European chip manufacturers will not negotiate with Asian Dram importers because they want tougher laws on dumping, despite the wishes of the European Commission.
Dumping has led to disagreements between the commission and the European Electronic Component Manufacturers? Association (EECA) over European Union policy. VNU Newswire reported that US and European semiconductor manufacturers have hinted that governments are not doing enough to stop dumping.
Now the European Commission has asked the EECA to hold talks with Japanese and Korean companies so it does not have to introduce tough dumping laws, mainly affecting minimum prices of Dram.
But the EECA will not negotiate unless the commission enforces tougher anti-dumping laws on Dram imports, according to EECA general secretary Eckhard Runge. "We would agree to this under certain conditions? we would not have an industry-industry agreement unless the commission can intervene on dumping."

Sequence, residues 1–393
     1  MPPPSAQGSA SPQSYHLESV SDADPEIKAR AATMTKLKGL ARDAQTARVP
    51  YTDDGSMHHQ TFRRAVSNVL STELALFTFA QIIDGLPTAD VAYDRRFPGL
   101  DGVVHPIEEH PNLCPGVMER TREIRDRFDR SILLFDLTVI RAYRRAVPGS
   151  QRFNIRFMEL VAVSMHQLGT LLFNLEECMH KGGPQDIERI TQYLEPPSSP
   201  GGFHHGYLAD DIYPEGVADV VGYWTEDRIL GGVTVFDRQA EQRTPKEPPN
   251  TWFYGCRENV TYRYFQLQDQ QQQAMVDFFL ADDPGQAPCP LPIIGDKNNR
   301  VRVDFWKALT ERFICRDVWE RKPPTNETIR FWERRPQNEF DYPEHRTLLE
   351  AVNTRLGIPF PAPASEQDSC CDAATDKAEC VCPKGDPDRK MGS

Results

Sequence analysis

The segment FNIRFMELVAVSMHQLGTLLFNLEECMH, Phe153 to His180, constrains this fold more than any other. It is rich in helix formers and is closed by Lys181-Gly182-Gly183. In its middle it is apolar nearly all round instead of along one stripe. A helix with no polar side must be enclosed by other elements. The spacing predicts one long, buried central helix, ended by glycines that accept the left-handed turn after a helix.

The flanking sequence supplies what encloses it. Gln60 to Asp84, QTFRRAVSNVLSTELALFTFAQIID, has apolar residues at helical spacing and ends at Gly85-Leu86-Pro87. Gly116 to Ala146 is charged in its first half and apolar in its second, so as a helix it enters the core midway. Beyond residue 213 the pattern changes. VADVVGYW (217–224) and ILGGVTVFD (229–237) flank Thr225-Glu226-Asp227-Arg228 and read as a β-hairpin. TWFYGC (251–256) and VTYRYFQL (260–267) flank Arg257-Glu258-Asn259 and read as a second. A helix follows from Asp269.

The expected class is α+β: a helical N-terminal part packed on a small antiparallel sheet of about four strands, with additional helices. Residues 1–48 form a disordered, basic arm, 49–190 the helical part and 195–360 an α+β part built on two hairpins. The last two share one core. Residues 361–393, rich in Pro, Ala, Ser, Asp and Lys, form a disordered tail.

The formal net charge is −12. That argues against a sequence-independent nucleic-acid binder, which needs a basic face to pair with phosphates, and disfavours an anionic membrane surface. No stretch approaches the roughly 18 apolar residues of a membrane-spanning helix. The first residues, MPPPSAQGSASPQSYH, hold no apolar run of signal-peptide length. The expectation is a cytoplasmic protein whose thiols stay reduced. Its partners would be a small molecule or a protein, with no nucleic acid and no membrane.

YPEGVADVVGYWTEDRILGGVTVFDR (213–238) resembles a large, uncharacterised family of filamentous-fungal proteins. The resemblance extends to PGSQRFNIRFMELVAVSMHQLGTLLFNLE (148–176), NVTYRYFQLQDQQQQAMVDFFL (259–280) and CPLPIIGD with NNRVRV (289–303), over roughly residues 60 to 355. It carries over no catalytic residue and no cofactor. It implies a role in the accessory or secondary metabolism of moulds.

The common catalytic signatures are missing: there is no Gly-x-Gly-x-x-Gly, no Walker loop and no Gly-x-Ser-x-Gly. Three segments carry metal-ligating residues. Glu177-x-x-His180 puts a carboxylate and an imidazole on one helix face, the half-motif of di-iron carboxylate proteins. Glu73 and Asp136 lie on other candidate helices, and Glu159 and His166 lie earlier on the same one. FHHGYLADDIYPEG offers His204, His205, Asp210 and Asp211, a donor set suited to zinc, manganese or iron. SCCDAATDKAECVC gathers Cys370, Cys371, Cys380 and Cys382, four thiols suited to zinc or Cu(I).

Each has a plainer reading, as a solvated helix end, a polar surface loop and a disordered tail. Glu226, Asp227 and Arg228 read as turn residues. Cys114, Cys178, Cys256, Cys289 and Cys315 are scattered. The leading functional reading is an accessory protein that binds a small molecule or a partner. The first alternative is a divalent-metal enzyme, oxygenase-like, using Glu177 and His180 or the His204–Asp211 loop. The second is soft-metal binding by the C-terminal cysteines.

Runge admitted that the commission disagrees and has told the EECA that existing anti-dumping measures will not go on for ever. But if all parties were happy negotiations could start next month, he said. The most likely agreement would include the start of a data collection and notification system, similar to the one used by the US and Japan under another agreement.
Runge said anti-dumping talks between the EECA, the US and Japan on flash memory chips broke down because the Japanese wanted Dram included in the monitoring process. European Dram producers include Siemens, Texas Instruments and IBM.
Comcast's £29.7bn winning bid more than twice the £13.7bn Rupert Murdoch valued Sky at just eight years ago
A nuclear strike has been considered, but Bruce Willis is nowhere in sight
Spray-on antenna could enable seamless integration of antennas with everyday objects
Parker Solar Probe, TESS and GOLD missions will deliver exciting data, claims NASA